"The Young and the … Religious"?
CBS's number-one-rated daytime soap "The Young & the Restless" has gotten a jolt of Judaism, and, ya know, the super soap cleans up nice.
With all its typically twisted plots, is it any wonder "Y&R" should script one that reads from right to left? In a storyline just revealed, Brad Carlton, the hunk of heat and resident under cover king — even the thread count can't stack up to his number of conquests — has just discovered he's … Jewish.
No wonder they're so restless in Genoa City — you'd be jittery, too, if, after all these years, you found out you had to get circumcised.
Everybody into the gene pool? No, the plotline is much more circumspect than that. Indeed, as a prime example of what daring daytime TV — where the phrase "bed and bored" has proved to be the ultimate oxymoron — could be, "Y&R" forsakes the R&R it has earned all these years in the top soap spot; instead, it uses the news to break new ground in soap opera history.
"Y&R" is framing its plotline in news stories of looted Holocaust art being returned to their rightful Jewish owners, using the current headlines as currency to mint a "new" character: Carlton (Don Diamont) discovers he is really Jewish and his mother, an Italian Jewish Holocaust survivor, is busy busting big-time art owners and artfully arranging the return of their works to the deserving Jewish families who had them confiscated during the Holocaust.
Casting a serious light on a serious topic, there is one other casting perk: Millie Perkins, Hollywood's original "Anne Frank," portrays Diamont's mother.
You can't hide from the intensified tide of change; but a kosher soap? Just how did the writers of "The Young and the Restless" get so bold and beautiful in their Jewish journey? Like sand in an hourglass … or is that the Mideast … these are the daze of their lives:
Aware of the historic headlines, head writer Lynn Latham, always interested in having a diverse cast, converted Carlton to a Kaplan. "When I got the script, I called her to make sure, because on this show, we're more into baptisms and weddings in churches," says Diamont.
Get him to the synagogue on time? No temple of doom here; happily married for many years, and the father of six kids, Diamont is no stranger to Judaism.
Not now anyway. But there was a time when the low points of junior high gave him a major education in bigotry. Diamont in the rough: "I was tormented by anti-Semitic slurs" and beatings.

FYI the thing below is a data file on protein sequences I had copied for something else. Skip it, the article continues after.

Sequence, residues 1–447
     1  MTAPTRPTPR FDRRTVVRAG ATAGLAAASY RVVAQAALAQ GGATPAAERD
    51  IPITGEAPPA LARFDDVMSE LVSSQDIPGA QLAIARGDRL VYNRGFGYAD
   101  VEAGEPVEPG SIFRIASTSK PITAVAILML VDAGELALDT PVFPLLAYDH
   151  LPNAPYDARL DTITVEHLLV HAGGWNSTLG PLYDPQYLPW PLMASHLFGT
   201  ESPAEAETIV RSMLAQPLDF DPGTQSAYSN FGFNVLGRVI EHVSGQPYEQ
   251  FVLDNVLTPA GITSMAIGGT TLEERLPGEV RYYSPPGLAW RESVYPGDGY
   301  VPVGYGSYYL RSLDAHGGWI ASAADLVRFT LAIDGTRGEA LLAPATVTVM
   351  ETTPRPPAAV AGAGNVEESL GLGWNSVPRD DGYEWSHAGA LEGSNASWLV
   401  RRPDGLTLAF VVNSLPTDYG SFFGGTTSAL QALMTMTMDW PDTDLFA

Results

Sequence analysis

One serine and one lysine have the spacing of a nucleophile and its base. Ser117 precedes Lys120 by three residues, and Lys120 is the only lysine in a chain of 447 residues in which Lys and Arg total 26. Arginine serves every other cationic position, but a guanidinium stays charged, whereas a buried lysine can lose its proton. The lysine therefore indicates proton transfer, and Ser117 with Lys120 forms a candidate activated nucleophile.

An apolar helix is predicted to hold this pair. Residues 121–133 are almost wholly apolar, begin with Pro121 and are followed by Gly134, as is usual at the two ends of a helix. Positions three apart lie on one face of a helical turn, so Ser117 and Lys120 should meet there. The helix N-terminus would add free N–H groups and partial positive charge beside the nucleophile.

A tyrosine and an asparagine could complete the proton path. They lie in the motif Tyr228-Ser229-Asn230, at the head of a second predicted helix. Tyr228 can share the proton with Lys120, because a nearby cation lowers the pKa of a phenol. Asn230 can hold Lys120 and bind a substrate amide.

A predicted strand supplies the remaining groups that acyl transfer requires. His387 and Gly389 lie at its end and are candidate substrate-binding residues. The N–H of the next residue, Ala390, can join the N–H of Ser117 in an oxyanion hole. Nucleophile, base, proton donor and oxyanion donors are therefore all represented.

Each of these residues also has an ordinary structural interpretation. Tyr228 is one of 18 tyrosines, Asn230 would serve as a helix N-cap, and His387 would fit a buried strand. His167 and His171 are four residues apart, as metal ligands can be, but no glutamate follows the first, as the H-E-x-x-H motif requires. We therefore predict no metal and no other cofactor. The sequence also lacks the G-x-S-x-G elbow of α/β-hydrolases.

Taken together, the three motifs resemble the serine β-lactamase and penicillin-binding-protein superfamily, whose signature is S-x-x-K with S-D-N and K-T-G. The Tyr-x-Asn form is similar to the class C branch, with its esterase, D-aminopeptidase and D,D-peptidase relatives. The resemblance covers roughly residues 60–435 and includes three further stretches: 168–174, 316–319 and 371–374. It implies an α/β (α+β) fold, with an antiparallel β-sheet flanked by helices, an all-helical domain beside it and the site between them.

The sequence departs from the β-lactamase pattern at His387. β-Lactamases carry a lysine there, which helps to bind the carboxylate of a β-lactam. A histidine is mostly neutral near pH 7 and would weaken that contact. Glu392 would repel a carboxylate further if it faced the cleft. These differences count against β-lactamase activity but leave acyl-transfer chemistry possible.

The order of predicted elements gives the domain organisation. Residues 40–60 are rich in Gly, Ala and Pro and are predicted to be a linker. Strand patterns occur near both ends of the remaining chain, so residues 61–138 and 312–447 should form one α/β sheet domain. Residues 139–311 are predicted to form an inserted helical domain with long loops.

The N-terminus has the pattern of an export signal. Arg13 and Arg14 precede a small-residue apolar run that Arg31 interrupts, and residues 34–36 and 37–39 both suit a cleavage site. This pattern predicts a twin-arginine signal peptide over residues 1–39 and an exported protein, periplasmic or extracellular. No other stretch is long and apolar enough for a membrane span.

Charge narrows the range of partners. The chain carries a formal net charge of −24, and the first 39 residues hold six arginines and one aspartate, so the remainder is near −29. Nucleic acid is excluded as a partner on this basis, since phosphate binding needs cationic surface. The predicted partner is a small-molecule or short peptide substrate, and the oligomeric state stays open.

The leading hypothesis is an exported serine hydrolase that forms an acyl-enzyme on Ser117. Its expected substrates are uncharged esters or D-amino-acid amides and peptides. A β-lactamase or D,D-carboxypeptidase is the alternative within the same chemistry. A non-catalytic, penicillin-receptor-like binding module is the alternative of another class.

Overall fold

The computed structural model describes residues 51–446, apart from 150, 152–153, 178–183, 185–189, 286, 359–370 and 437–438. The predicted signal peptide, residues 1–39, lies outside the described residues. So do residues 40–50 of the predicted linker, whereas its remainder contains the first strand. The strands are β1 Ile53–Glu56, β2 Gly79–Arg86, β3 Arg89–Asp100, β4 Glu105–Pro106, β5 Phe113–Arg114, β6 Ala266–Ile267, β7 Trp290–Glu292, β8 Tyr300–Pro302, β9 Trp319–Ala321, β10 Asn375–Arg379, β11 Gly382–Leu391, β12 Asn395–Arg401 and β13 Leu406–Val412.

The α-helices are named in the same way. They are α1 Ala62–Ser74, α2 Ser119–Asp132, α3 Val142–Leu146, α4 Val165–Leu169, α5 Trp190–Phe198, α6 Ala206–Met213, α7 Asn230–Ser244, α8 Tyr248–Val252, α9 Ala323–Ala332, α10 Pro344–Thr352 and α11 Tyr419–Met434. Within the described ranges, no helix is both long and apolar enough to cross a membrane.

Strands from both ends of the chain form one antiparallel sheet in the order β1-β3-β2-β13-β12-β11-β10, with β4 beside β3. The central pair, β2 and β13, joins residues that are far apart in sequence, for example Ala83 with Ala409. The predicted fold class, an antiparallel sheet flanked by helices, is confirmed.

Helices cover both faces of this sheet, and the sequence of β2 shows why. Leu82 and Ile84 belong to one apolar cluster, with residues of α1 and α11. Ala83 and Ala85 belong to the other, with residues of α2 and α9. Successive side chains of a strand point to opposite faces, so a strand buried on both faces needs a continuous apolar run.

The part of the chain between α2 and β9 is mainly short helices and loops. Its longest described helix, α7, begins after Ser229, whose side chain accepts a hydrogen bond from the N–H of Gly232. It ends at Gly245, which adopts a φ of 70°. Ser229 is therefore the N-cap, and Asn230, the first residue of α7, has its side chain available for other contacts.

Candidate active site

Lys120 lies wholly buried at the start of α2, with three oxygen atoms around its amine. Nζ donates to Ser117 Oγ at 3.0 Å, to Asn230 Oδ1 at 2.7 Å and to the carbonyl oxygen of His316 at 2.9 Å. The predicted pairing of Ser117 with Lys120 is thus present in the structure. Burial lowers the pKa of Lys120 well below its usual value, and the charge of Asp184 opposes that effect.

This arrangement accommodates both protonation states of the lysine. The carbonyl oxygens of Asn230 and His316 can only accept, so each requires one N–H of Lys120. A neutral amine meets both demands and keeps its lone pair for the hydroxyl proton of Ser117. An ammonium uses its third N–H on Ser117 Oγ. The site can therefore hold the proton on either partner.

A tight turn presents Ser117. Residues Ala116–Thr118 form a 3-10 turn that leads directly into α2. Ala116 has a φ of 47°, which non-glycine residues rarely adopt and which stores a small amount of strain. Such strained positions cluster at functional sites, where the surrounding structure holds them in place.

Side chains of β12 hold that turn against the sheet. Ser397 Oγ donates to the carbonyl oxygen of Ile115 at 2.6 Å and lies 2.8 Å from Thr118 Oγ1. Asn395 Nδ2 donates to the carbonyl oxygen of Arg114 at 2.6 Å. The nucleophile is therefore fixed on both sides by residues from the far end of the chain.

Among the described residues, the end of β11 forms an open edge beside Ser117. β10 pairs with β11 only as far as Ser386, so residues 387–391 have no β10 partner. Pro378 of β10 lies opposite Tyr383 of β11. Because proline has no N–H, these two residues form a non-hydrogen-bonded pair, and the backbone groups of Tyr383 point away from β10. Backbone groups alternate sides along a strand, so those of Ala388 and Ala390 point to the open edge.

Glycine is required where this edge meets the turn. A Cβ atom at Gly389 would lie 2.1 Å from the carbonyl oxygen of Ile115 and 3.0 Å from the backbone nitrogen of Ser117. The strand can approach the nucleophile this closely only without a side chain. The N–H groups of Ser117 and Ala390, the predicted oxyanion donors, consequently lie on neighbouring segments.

At home, there was no place for Judaism either. The kid his neighbors knew as Feinberg had grown up in a secular house that put a fine line between religious rites and wrongs.
Ironically, it was a matter of death ceding to life that rejuvenated his Jewishness. "My Dad passed away when I was 24. And during his illness, he told us that he regretted we [his kids] didn't grow up with an identity as Jews, that we grew up as strangers to our heritage."
There had been reminders, of course, in school, "where I had my first experience being called a kike — Kikeberg, they called me."
His father's regret was a revelation, a calling Don demanded to be answered. "When you have no sense of heritage," he senses now, "on the one hand, you have an innate sense of pride; on the other hand, half of you is ashamed because you're being ostracized."
It was not a model Jewish reality, remembers the former teen model whose name change to his mother's maiden moniker "gave me a layer of insulation against the world."
Layer caked in illusion? As Diamont, the "kike" could take a hike away from the hatred now that "there was no neon sign of a name." Flash point: "Not long after that, the opposite started to happen," Don donned an introspective look and saw beyond the hurt into his heritage.
"While I was growing up," says the native New Yorker who later moved to Los Angeles, "we did Christmas celebrations. But then I started to move away from that; realizing that was not my holiday, not my thing. I started doing Chanukah."
Christmas bells to matzah balls? "When I had kids, it became very important to me that they be raised in the Jewish religion."
Raising the bar for them also meant reaching it himself: "At 29, I became Bar Mitzvah," he says of the ceremony in Los Angeles, attended "by 75 people; they came from New York, Florida — many of my co-workers from the show were there."
Young, restless and ritualistic? "When I said, 'Today, I am a man,' I felt a fulfillment, an obligation."